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According to the Institutes of Health, even if you wear the best corrective lenses, you are legally blind if you have at least one of the following eye conditions: considered to be blind. In other words, a person with 20/20 vision cannot see what he can see 200 feet away unless he is 20 feet away. Good eyes are limited to a field of view less than 20 degrees in diameter. It is also called tunnel vision.
On the other hand, many patients consider themselves “right-blind” if their visual acuity is worse than 20/20 without glasses. These patients are often good candidates and can see 20/20 without glasses after LASIK.
LASIK eye surgery for Who?
LASIK is a laser correction of eyes with refractive error (usually blurred vision). By reshaping the cornea, LASIK can help if you are nearsighted (myopia), farsighted (hyperopia), or astigmatic. However, you can only be a candidate for this elective surgery if your vision falls within a specific range that excludes most people who are legally blind.
Refractive error is usually corrected by lens power measured in diopters. According to the American Refractive Surgery Council, “The advanced laser vision correction profile treats hyperopia up to +6.00 diopters, astigmatism up to +6.00 diopters, and myopia up to -12.00 diopters, depending on the laser treatment chosen.
Mild or moderate vision impairment is in this range, but individuals with more severe vision impairment may not be successful with LASIK. Please consult an ophthalmologist if you suspect that.
LASIK is a life-changing procedure. It is also prevalent, with millions of people getting lasers each year. Unfortunately, with popularity comes misinformation. Here at Nielsen Eye His Center, we are dedicated to spreading the truth and debunking the myths about LASIK. Here are five LASIK myths you may have heard and why they are untrue.
No! Many believe it is because of the strange odor that sometimes appears when the excimer laser reshapes the cornea during LASIK. The excimer laser consists of a highly focused beam of light rather than heat. That strange odor is simply the result of carbon released into the air by the collagen molecules as the excimer laser breaks them down.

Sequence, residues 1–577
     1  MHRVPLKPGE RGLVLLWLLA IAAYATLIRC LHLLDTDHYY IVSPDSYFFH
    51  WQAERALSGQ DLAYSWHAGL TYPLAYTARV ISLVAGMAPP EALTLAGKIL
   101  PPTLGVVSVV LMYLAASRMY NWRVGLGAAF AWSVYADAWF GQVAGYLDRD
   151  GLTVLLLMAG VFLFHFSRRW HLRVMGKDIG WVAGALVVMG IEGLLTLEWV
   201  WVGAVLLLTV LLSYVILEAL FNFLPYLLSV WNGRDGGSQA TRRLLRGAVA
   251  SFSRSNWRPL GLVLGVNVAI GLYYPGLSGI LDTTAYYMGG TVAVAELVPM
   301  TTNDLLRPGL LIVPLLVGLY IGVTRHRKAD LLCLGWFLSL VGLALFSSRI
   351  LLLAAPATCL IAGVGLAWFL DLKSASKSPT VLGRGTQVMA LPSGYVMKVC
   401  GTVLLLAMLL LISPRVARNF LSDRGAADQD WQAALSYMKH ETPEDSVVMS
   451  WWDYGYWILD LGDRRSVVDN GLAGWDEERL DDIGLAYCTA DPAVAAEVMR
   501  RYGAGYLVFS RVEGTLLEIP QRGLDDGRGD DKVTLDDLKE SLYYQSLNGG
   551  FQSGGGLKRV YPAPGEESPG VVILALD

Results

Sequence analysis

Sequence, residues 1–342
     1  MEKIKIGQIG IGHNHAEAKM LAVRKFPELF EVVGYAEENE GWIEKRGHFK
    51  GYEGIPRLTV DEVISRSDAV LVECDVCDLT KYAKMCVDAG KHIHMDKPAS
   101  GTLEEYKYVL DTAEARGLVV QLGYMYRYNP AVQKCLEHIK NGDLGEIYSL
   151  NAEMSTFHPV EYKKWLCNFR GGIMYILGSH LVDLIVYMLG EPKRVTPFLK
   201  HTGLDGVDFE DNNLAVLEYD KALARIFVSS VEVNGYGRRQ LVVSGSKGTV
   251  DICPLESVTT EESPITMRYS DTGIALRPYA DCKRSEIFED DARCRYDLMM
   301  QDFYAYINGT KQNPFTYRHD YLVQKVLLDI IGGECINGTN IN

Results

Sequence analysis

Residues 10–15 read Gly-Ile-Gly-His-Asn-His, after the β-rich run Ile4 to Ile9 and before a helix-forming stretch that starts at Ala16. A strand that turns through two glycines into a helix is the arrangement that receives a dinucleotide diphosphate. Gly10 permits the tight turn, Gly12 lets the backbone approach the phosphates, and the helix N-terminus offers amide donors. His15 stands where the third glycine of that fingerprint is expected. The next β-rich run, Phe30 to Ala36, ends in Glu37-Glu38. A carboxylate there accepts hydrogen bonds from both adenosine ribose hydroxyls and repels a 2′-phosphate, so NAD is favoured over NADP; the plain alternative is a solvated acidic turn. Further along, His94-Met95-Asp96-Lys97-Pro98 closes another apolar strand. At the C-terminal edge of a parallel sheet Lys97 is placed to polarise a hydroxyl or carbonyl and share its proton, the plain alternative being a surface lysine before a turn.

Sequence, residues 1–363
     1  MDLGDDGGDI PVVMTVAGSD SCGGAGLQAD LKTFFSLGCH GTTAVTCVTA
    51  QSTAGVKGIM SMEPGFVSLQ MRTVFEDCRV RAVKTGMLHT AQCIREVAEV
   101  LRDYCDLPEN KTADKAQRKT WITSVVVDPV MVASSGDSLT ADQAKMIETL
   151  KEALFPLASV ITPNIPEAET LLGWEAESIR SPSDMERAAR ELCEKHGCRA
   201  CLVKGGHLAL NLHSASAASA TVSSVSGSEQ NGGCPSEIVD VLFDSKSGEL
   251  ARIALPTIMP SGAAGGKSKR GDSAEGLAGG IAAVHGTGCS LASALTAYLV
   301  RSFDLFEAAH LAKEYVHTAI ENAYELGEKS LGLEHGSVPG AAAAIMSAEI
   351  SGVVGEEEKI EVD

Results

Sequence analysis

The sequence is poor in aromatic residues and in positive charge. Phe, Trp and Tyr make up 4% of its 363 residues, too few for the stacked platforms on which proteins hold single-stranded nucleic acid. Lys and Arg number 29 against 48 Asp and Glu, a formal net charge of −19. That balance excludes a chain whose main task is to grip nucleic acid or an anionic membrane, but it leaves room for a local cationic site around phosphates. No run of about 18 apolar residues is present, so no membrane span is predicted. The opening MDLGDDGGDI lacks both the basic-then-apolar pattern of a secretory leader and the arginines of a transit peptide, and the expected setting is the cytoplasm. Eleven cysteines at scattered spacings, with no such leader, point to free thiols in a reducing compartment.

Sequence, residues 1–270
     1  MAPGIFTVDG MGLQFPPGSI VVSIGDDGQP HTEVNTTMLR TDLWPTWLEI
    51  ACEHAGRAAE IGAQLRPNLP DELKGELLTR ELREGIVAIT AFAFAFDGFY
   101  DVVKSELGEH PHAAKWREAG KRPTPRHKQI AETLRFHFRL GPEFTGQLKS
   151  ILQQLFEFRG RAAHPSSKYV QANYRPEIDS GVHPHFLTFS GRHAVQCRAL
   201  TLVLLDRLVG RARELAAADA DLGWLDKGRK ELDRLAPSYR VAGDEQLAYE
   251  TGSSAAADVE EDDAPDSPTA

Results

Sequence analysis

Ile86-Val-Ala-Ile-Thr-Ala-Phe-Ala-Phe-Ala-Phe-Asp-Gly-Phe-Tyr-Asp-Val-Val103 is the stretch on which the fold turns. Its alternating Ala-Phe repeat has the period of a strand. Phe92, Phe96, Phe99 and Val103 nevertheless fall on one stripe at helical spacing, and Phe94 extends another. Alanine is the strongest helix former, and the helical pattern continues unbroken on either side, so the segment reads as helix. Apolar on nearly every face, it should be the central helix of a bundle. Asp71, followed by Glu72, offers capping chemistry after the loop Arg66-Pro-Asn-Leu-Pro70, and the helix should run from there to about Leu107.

Myths about LASIK
Myth #1: You go blind.
In fact, at the time of this writing, there have been no reported cases of blindness from LASIK surgery itself.
However, the resulting complications, particularly infections, can lead to blindness if proper follow-up protocols are not followed. It is sporadic, but it has happened. LASIK surgery does not cause blindness, and most cases of LASIK complications can be prevented by following the aftercare procedures established by the surgeon.
Myth #2: LASIK hurts.
LASIK is painless. Of course, pain is subjective. What may translate as mild discomfort to one person may translate as pain to another. According to our patients, the most uncomfortable part of LASIK surgery is the pressure of the laser. Avoid moving the suction device to the eye when using the excimer laser. It means you do not move your eye during surgery and ruin the treatment.
However, this requires suction, which can put uncomfortable pressure on your eyes. This sensation lasts only a few seconds, which is necessary for Excimer’sExcimer’s laser eye treatment.
Myth #3: LASIK doesn’t last long.
LASIK is a permanent procedure. Your eye doctor will continue to see you annually to check your eye health. Additionally, all patients experience presbyopia and cataract formation, regardless of whether they had LASIK first. It is the driving force behind the propagation of this myth. Cataracts and presbyopia cause significant vision changes, and some people feel that LASIK should stop these changes. Since LASIK can only change the shape of the cornea, the surgery does not affect the lens and cannot stop lens-related vision problems.